- The idea that value, or the "good life" lies within the self, and is defined by character.
- The importance of recognizing what we do and don't have control over -- essentially we control only ourselves, and not even all of that. The most important thing we can control are our judgments. Feelings like anger or sadness result from the perspective we adopt, and that perspective can be altered.
- The understanding of Nature (and society) as an interconnected and cooperative system, rather than a Darwinian competitive mass of individuals struggling individually for existence.
The Stoic prescription is a little improvement every day, guided by reflection on the day's events in the evening, and the formation of improvements in the morning. The meditative aspects remind me very much of what we called "devotions" when I was an Evangelical Christian. It's interesting to find another tradition of the same vintage as Christianity that contains this reflective aspect. I'm not sure about daily improvement -- it's sounds good, but my last experience of this is that it becomes exhausting and leads to frustration.
Today's meditation focused on what we can control, and trying to be aware of feelings and desires and from whence they originate. Today, being just an ordinary sort of work day, it's not as though I have big dramatic examples.
- I realize the desire to work on fun, easy stuff first rather than more difficult, longer-term tasks. This is in part a judgment about "low-hanging fruit," partly about wanting to complete a task before I start another one, and partly just doing what I like. So it's not all one way, but perhaps partly this is the kind of thing the Stoics might classify as "wrong desires"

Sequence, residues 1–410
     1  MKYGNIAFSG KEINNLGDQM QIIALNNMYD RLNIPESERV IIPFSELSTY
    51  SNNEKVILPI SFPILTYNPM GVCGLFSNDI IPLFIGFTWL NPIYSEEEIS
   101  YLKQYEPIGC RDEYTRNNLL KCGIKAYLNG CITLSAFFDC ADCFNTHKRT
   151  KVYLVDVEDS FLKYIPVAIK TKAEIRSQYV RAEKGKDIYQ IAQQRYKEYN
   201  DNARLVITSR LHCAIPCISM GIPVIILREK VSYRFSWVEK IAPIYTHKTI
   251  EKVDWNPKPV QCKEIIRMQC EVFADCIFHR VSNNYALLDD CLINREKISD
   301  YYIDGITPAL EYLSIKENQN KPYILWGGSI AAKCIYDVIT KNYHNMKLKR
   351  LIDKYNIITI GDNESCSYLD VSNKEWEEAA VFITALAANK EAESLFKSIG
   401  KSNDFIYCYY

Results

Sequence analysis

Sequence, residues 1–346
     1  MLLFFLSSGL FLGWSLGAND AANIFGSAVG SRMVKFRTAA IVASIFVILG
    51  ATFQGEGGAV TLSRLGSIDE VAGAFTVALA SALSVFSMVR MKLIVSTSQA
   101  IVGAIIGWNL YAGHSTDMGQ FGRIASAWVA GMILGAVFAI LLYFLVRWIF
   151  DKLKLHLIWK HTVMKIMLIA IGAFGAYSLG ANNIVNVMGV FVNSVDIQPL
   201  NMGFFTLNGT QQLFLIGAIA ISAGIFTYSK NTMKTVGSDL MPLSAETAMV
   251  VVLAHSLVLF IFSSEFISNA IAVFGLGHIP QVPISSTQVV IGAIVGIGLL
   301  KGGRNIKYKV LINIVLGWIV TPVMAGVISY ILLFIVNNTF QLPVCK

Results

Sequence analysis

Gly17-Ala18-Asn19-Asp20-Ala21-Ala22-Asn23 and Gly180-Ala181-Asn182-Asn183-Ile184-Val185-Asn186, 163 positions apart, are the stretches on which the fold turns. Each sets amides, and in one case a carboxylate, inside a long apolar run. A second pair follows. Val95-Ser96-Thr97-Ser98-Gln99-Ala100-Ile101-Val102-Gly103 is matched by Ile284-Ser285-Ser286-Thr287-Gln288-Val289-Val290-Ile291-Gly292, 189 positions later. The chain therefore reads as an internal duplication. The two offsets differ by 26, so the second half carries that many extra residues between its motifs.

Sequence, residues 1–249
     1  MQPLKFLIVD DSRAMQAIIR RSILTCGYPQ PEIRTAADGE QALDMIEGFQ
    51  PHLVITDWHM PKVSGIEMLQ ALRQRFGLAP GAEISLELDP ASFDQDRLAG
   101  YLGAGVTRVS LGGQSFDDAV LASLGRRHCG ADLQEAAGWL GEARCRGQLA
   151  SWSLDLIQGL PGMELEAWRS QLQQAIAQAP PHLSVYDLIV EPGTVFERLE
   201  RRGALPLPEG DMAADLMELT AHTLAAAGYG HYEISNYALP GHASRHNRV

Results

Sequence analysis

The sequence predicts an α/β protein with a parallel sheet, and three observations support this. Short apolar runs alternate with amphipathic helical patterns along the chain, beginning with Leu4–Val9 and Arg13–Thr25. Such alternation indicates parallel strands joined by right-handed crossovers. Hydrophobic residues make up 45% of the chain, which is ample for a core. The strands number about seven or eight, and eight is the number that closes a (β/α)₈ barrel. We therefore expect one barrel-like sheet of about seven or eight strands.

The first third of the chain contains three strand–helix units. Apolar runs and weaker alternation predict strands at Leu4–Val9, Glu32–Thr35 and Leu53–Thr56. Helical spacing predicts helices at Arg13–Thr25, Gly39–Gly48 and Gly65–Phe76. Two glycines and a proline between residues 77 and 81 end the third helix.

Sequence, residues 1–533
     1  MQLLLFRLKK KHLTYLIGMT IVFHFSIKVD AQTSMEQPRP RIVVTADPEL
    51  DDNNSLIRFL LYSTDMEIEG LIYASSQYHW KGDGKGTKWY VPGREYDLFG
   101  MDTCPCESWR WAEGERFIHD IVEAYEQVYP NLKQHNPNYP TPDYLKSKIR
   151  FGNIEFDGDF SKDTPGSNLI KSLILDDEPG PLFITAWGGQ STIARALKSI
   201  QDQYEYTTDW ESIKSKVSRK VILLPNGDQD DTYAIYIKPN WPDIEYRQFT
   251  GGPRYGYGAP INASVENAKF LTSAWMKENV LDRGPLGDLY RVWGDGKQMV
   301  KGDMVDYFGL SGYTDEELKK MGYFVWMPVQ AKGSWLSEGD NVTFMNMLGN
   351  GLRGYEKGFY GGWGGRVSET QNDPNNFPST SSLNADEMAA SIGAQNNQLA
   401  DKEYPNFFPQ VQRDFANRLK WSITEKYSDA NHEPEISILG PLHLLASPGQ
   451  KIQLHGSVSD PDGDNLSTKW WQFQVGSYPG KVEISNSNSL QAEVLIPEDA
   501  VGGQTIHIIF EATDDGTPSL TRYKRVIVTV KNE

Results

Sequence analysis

- I was annoyed with my wife for interrupting me during work. This is the kind of thing the Stoics would say is pointless, since the annoyance comes from outside myself, and I can't change it.
The question is whether I can really not be annoyed by interruptions. I think this is somewhat possible. I am not annoyed when work colleagues interrupt me to ask questions, for example, so the annoyance is contextual, rather than about the act of being interrupted. I also think that I am more impatient than I used to be, and there is no reason to believe that I could not be so again. In a way, this is a good test case, because interruptions are bound to happen, and my schedule is such that they will often be at inconvenient times.
Thinking more about the actual event, the annoyance had as much to do with frustration at not being able to solve a coding problem -- a background level of annoyance, leaving me more prone to reacting to small stimuli. The background annoyance is not all bad. Sometimes, it gives me an edge that keeps me alert and focused on the problem. The feeling of being sharply focused and on the cusp of discovering a solution makes interruptions all the more annoying.
As a practical matter, I don't think I would want to lose this drive. From a Stoic point of view, I don't know how to classify it. What is it that makes the Stoic try to make each better than the last? Surely it is some kind of drive, some form of energy derived from the sense of accomplishment in improving the self; the Stoic way is not the Buddhist way of detachment from the illusion of personhood. If so, then Stoicism is about channeling that energy where it matters. So does solving these coding problems matter for the development of my "rational character"? And if not, or if there is only a weak correlation, to what else should the energy be directed?